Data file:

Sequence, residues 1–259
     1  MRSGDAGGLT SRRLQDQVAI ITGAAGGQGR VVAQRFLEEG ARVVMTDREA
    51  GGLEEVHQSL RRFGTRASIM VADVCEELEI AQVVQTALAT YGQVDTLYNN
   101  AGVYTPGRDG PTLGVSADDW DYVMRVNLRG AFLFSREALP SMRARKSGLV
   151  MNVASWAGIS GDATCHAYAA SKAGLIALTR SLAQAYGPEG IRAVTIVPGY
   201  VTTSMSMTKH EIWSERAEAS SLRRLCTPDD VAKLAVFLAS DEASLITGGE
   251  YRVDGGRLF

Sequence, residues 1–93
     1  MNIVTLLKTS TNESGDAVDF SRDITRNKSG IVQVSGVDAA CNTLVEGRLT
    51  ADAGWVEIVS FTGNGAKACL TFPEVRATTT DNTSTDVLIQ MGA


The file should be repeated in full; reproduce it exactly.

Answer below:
Sequence, residues 1–259
     1  MRSGDAGGLT SRRLQDQVAI ITGAAGGQGR VVAQRFLEEG ARVVMTDREA
    51  GGLEEVHQSL RRFGTRASIM VADVCEELEI AQVVQTALAT YGQVDTLYNN
   101  AGVYTPGRDG PTLGVSADDW DYVMRVNLRG AFLFSREALP SMRARKSGLV
   151  MNVASWAGIS GDATCHAYAA SKAGLIALTR SLAQAYGPEG IRAVTIVPGY
   201  VTTSMSMTKH EIWSERAEAS SLRRLCTPDD VAKLAVFLAS DEASLITGGE
   251  YRVDGGRLF

Sequence, residues 1–93
     1  MNIVTLLKTS TNESGDAVDF SRDITRNKSG IVQVSGVDAA CNTLVEGRLT
    51  ADAGWVEIVS FTGNGAKACL TFPEVRATTT DNTSTDVLIQ MGA